Why Is My Bread Pale? ( 5 Possible Reasons Why )

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There is nothing quite like biting into a piece of warm, homemade bread. It is especially satisfying when it is a loaf you baked on your own. Unfortunately, your bread may not always come out perfectly, especially if you’re a novice baker. You can encounter a variety of issues including raw or undercooked dough, burnt bread, and most commonly, pale bread. If you are having this issue and can’t seem to find a solution for it, keep reading to learn more about why your bread keeps coming out pale and how to fix it.

Last update on 2024-05-24 / Affiliate links / Images from Amazon Product Advertising API

Five Reasons Why Your Home Baked Bread Is Pale

The crust on your bread is one of the most important aspects of it, and, ultimately, you want it to be nice and golden brown. But if, like many amateur bakers, you can’t seem to get your bread to toast, rest assured there’s a way to fix the problem. First, you must try and find out why your bread isn’t toasting in the first place.

1. Temperature

One of the main reasons why your bread may not be browning could be because your oven’s temperature isn’t set to where it needs to be. Using the wrong temperature on your bread could lead to either overcooking and burning your bread, or undercooking and leaving it pale.

2. Oven

Believe it or not, the type of oven you use to bake your bread can also have an effect on your bread. If you are using a convection oven, be aware that your bread will bake much faster than in a conventional oven because of the fact that the temperature runs 68 degrees higher. Find out what type of oven you are using to bake your bread and adjust your baking temperature accordingly.

3. Thermostat

Another thing to pay particularly close attention to is your thermostat. If your thermostat isn’t working properly, it could be giving you a different temperature than your oven is actually at. Get an infrared thermometer and use that to check the temperature of your oven. If the temperature is off, either get it fixed as soon as possible or adjust the baking temperature.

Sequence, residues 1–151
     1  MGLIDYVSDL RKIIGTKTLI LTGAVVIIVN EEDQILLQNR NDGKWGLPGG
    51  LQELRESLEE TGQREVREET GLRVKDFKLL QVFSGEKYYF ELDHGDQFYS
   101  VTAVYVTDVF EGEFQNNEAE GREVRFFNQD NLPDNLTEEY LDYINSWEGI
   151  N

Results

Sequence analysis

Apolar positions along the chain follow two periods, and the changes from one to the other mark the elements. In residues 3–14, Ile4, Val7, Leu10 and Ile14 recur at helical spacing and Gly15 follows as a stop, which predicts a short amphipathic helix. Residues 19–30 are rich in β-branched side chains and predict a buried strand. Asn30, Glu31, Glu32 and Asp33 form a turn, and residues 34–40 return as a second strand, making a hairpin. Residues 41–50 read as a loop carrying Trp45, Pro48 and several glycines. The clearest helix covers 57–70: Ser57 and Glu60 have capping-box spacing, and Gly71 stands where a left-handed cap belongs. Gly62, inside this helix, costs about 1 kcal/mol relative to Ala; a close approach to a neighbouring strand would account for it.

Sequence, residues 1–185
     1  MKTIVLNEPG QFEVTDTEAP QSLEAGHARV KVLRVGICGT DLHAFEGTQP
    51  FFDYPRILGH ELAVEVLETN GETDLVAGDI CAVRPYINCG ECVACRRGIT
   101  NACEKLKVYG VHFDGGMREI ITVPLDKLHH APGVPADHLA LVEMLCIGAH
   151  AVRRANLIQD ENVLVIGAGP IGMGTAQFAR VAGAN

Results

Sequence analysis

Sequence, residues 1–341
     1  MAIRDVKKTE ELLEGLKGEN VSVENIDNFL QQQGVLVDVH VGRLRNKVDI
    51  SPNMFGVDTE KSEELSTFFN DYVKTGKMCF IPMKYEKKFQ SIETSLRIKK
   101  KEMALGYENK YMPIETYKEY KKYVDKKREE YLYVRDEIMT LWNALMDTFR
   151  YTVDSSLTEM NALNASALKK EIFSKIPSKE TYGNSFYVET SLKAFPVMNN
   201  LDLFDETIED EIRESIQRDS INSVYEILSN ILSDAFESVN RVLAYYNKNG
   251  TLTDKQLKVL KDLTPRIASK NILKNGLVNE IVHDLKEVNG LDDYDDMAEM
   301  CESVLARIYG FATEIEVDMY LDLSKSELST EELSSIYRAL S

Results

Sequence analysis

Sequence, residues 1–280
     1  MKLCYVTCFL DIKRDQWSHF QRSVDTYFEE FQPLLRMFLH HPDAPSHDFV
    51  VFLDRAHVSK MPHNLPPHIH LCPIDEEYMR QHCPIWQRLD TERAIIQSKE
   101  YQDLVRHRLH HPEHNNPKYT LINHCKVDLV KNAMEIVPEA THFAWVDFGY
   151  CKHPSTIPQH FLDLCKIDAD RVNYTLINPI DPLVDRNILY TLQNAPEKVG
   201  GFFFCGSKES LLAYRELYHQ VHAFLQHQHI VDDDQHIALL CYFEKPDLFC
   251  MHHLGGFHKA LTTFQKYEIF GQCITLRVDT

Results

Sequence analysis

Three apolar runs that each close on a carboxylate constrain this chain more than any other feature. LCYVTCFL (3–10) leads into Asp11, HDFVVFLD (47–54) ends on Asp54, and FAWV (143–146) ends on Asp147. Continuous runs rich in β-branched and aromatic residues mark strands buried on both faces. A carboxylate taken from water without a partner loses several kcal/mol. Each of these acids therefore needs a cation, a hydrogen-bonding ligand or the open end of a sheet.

4. Steam

Be sure to keep a close eye on the amount of steam in your oven. Steam is used as a way to keep your bread from drying out and can create a nice shine to your bread. While a little steam is a good thing, too much of it will actually prevent the bread from browning.

5. Overproofing

Your dough needs to be proofed prior to being baked, but if you overproof it, your bread won’t get the color that you want it to have. Proofing is the act of the yeast being activated in the dough. This, in turn, causes the bread to rise. Underproofing means your dough won’t rise, while overproofing it will cause the dough to collapse and not brown enough on the top as a result of the yeast using up all the sugars in the flour.

To proof your bread correctly, you need to wait until the dough has either doubled in size, or you can use the poke test on it. This involves poking your dough with your finger to see if it springs back. If it doesn’t, it’s overproofed and at that point you will want to place it in the fridge as quickly as possible. If you want to slow down the rate of your dough’s proofing, simply place it in the fridge.

Finding a Solution

If you have been able to narrow down why your bread isn’t browning, you now have a better chance at finding a solution. As mentioned previously, the type of oven that you use determines how your bread will come out. If your bread doesn’t seem to be browning correctly in your conventional oven, try using a Dutch oven instead. A Dutch oven can trap steam inside to create a nice crust on your bread without using too much steam.

Another thing you can try is adjusting your baking temperature. If your bread still isn’t browning, try turning up the temperature just a little bit. In doing so, you are increasing the rate that the bread cooks and heating the sugars in the dough to a higher temperature. The sugars in the dough will then caramelize your bread and turn it the golden brown you’ve been looking for.

Speaking of sugar – adding some to the top of your dough can also help it brown. Since we now know that sugar caramelizes the bread, you can add molasses, honey, or just plain white sugar to the top of your bread to brown it. Be sure not to overdo it by adding too much sweetener to your bread, otherwise it will be overly sweetened.

If none of the above solutions have worked for you, you could also try using a wash. This can be either an egg wash, or you can even use regular milk. Simply dip a soft-bristled brush into the wash and brush it on top of your dough. Don’t use too much as it will pool on top of the bread. Instead, spread it out evenly so that it forms a thin layer.

As you can see, there are plenty of ways to make sure your bread ends up with the golden brown crust you’ve been pining for. If you’ve ever found yourself asking, “Why is my bread pale?” now you know why!